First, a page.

Wednesday, September 06, 2006
U.S. Attorney General Seeks to Reassure on bin Laden
On September 5, 2006, CNN’s Wolf Blitzer interviewed U.S. Attorney General Alberto Gonzales. Blitzer asked some mildly pointed questions about the failure to capture or kill Osama bin Laden, to which Gonzales responded in his typically evasive manner with the usual empty platitudes.
A very interesting point brought out by Blitzer is that, in the White House’s updated Counterterror Strategy, the list of “major challenges” set forth by the Administration did not include capturing or killing bin Laden or his second-in-command Zawahiri. Nevertheless, Gonzales sought to reassure the American people that “bringing bin Laden to justice” is an important priority of the Bush administration.
Gonzales gave what I thought was a very telling response, in terms of his thought process, to Blitzer’s final question as to whether America remains vulnerable to terrorism today. Gonzales said, in essence, America is safer but not yet safe “because of the type of society that we have, because of the type of freedoms that we enjoy in this country, because of the type of enemy that we're dealing with.” Apparently, according to Gonzales, only one of the three reasons America is not yet safe is because of our enemy. The other two of the three reasons America is not yet “safe” are our fault because of the type of society we have (presumably he means a relatively open, egalitarian, and free society), and the types of freedom we enjoy. Therefore, one might ask the Attorney General if America would be safer if we had less freedom, and is he in favor of decreasing our freedom.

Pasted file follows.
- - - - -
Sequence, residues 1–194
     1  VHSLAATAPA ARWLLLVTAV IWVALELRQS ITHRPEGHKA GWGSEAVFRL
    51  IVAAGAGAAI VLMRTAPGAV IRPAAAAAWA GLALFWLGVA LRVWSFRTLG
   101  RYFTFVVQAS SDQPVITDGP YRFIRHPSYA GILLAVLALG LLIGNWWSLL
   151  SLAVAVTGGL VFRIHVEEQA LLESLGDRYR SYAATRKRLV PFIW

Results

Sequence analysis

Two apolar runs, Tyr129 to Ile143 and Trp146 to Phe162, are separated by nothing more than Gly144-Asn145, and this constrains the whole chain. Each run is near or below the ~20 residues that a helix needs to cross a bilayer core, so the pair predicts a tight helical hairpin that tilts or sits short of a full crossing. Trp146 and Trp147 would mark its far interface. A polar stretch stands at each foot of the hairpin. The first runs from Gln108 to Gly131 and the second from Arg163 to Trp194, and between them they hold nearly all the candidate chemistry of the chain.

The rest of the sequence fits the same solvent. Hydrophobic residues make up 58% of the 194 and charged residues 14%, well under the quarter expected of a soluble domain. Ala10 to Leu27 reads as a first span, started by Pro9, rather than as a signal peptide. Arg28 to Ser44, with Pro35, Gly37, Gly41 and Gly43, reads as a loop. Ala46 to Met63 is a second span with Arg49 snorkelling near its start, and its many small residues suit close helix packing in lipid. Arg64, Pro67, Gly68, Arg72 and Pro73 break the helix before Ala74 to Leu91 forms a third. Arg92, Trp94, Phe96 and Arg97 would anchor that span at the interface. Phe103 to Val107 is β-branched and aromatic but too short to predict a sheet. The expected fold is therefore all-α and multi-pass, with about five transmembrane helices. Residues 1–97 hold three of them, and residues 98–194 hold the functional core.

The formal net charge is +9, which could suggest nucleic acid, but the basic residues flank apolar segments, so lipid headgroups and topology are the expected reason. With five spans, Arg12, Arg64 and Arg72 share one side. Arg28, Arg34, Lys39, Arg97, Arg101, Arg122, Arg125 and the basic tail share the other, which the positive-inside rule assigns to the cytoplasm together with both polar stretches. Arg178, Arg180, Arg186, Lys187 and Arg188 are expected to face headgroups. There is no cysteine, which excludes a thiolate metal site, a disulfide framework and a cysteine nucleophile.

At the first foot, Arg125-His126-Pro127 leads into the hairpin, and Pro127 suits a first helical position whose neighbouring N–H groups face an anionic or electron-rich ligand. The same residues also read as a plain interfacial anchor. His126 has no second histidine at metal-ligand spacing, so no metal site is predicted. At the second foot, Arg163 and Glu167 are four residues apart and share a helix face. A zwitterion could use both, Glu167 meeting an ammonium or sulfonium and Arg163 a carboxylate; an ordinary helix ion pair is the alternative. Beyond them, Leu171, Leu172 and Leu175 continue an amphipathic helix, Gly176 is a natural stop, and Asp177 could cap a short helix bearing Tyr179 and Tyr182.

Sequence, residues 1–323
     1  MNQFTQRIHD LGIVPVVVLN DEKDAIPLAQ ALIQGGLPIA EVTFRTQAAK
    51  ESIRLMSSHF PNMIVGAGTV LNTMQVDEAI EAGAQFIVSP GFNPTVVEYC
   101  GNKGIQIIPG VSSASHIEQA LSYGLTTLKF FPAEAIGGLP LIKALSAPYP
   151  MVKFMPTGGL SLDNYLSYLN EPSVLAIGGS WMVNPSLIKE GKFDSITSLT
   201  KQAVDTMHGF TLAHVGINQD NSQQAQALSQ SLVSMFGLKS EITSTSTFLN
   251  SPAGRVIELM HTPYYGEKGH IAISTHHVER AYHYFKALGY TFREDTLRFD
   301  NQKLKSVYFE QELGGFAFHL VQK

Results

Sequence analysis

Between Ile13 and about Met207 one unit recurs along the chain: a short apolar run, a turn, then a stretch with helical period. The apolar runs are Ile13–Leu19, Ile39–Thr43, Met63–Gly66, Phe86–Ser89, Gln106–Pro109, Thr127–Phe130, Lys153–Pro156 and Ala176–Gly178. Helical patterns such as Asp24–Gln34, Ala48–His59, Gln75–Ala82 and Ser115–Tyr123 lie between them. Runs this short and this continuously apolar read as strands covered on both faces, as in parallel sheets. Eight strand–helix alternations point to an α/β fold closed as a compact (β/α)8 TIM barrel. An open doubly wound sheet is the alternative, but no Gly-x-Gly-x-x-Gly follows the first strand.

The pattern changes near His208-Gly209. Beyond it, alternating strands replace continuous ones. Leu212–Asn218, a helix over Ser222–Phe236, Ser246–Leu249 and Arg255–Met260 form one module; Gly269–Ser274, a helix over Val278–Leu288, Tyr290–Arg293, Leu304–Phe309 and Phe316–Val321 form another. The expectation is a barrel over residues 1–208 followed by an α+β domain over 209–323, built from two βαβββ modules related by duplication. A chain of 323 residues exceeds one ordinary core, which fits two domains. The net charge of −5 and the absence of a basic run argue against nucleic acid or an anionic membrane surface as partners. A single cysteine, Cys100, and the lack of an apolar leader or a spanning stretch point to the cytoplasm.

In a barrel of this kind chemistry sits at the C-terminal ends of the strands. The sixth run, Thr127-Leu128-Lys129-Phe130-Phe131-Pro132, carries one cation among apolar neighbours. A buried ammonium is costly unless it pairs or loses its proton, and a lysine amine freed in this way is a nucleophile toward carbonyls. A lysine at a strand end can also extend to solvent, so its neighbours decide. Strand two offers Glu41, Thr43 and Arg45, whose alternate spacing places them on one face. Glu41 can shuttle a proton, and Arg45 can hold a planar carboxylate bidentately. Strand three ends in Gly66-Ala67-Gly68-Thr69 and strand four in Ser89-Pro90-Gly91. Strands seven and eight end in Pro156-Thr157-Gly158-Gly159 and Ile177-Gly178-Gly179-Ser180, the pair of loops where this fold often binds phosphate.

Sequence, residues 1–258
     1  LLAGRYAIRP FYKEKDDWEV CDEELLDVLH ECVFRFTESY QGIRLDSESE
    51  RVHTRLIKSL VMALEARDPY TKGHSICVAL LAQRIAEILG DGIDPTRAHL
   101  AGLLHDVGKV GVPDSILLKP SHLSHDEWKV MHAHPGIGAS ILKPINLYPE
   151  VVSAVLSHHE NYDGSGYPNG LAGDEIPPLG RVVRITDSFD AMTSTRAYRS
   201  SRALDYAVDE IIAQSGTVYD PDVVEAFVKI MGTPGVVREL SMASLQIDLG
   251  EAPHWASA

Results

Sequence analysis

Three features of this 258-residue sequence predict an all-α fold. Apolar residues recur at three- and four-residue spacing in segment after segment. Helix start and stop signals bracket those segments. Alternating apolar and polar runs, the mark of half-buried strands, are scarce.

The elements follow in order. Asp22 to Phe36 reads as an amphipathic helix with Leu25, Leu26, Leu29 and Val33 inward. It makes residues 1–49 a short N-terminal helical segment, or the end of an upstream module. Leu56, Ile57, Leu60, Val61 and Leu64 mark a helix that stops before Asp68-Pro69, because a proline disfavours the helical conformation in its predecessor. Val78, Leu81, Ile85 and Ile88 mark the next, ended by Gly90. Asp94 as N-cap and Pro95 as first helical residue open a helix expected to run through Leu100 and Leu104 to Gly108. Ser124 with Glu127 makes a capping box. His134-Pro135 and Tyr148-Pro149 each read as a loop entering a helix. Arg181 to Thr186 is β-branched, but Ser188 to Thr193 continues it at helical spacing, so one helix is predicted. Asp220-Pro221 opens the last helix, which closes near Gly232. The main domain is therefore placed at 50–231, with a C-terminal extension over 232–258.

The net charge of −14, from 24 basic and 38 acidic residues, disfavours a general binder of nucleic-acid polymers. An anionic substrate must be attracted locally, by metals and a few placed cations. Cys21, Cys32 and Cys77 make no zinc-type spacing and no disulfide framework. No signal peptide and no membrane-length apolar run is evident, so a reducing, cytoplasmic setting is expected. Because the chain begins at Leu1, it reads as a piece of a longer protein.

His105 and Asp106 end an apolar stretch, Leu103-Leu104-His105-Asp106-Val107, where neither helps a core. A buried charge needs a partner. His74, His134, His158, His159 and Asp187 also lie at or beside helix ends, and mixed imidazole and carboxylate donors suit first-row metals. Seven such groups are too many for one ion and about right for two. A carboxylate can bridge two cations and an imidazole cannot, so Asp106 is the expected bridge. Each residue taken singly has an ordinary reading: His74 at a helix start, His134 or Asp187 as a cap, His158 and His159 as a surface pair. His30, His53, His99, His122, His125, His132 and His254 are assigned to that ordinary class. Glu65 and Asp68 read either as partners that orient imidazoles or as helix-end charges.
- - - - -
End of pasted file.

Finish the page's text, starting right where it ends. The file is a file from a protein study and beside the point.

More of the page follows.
Transcript of interview:
BLITZER: Most Americans look back at five years ago, what happened on 9/11 and they immediately ask this question -- where is the most wanted man in the world? Why haven't you, the United States government, been able to find, capture or kill Osama bin Laden?
GONZALES: Well, we have spent a lot of time and a lot of effort in trying to locate Bin Laden. And it again, as the president has said many times, it's not a question of if, it's simply a question of when. We are going to capture Bin Laden. And we're working with our friends and allies around the world to try to find out where he's at. But even if we --